These were held and one Christmas Eve, Thomas Green, a carter at Bell Farm whom she had helped several times, decided to attend. This in itself was a remarkable event, for Thomas Green usually spent most of his free time, Sundays included, in the public house. It would seem that at last the 'bullying' by Annie had had an effect, and somehow - or as Annie would have said -through God, the words of the testament and hymns spoke to Thomas with so clear a message that he became a new man in Christ.

Annie learnt of this after the service as she and Thomas made their way back to Bell Farm for he still had work to do in the stables. She was determined to make certain that he remained true to his conversion and hurried over to his cottage and offered to help his wife and convert their cottage into a clean and bright home rather than a drunkard's hovel. Annie does not quite say so in her memoirs, but it seems likely that Mr and Mrs Green were her first real converts to Methodism in Eton Wick, and now very considerably heartened she decided to formally approach the Primitive Methodist Church for help. The time was ripe, for although there had been no land free for development in Eton Wick on which a chapel might be built, the situation was now changing. Land across the parish boundary had been bought by James Ayres, who soon proceeded to lay out the area in streets and building plots. By 1884 the first road and houses were under construction. Although an extension of Eton Wick, because the development lay within the adjacent parish, it became known as Boveney New Town with Alma Road the main street of this busy new community. There was now a possibility that land could be found for a chapel, and abundant new people to be brought within the fold.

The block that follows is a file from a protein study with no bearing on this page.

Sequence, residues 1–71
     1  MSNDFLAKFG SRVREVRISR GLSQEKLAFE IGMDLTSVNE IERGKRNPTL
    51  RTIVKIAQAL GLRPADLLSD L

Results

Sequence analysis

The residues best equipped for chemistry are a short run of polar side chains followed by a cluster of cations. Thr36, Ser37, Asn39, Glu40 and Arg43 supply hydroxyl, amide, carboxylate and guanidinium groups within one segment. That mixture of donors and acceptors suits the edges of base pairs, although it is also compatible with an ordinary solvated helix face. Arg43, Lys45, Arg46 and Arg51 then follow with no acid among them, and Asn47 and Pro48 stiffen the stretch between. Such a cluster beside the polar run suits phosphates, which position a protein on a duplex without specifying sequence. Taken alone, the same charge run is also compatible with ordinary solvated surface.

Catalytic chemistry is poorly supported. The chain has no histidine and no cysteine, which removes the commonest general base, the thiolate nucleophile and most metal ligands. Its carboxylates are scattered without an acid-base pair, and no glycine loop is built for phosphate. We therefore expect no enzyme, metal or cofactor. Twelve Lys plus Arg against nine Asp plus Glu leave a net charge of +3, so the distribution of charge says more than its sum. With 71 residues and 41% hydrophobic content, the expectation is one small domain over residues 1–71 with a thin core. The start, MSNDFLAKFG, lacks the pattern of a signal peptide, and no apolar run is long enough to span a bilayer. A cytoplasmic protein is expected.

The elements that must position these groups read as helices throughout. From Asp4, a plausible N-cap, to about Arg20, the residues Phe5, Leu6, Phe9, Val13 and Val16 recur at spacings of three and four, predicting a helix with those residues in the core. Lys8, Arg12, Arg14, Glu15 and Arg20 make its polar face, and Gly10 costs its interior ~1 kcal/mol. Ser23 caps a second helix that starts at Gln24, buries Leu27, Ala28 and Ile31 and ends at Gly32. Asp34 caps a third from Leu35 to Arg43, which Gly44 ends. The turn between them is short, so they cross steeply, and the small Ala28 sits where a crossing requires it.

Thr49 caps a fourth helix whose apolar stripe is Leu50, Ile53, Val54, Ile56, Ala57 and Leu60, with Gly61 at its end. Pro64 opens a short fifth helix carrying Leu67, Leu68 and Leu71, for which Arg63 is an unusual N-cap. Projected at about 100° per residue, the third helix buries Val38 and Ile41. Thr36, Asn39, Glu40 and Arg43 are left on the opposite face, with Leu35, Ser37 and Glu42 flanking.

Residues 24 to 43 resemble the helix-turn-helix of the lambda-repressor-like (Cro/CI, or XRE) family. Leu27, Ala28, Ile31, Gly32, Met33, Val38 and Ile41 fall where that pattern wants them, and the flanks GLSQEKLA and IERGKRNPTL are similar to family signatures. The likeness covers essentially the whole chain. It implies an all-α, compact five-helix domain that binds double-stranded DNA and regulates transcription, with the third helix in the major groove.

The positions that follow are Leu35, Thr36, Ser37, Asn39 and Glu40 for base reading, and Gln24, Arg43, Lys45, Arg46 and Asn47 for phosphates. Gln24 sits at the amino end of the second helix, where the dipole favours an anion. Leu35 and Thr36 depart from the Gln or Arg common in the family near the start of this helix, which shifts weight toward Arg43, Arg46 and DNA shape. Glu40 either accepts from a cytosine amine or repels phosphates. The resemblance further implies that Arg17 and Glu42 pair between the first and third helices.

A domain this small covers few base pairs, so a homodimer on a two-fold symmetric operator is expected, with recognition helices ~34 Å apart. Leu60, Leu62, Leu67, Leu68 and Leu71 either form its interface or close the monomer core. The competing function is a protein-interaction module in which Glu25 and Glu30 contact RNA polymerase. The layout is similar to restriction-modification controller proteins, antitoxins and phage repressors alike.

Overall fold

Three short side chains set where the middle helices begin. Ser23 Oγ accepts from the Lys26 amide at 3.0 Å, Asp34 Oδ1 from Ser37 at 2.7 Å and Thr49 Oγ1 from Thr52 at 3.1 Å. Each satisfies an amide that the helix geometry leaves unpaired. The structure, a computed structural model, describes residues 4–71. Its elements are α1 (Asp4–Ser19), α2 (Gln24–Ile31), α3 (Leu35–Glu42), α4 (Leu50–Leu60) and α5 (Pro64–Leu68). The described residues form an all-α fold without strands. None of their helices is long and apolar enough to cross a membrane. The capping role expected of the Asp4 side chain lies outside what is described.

When Mrs Tough came to the district Windsor was part of the Maidenhead Circuit, but in 1882 the Circuit was divided into two, Windsor, Bracknell, Winkfield Row, Chalvey and Slough becoming the Windsor Circuit, leaving Marlow, Maidenhead, Cookham Dean and Cox Green in the smaller Maidenhead Circuit. The Windsor Churches declined to embrace Eton Wick in their Circuit because all their available energies were directed towards the growing society at Sunningdale.

Mrs Tough, therefore, decided to approach the Primitive Methodists at Maidenhead. They were doing well. Their new chapel had opened in Queen Street in 1882 and membership was increasing. Hopes for the future were bright and under the Rev George Doe they were ready to face new challenges. Eton Wick was now missioned by the Maidenhead Church - preachers from that Circuit visited the village to hold Sunday services. The mid-week class became official and the newly formed society became part of the Maidenhead Circuit. Mrs Tough could now put new effort into finding a site for a chapel.

The Eton Wick History Group is most grateful for the kind permission given by the Eton Wick Methodist Chapel to republish this history on this website.

Monday 15 March 2021

The Eton Wick Newsletter - August 2008 - Church Report

The first edition of the Eton Wick Newsletter included reports from the three Churches serving the community in 2008.

St. Gilbert's Church, Eton Wick

(In the Parish of "Our Lady of Peace" Burnham)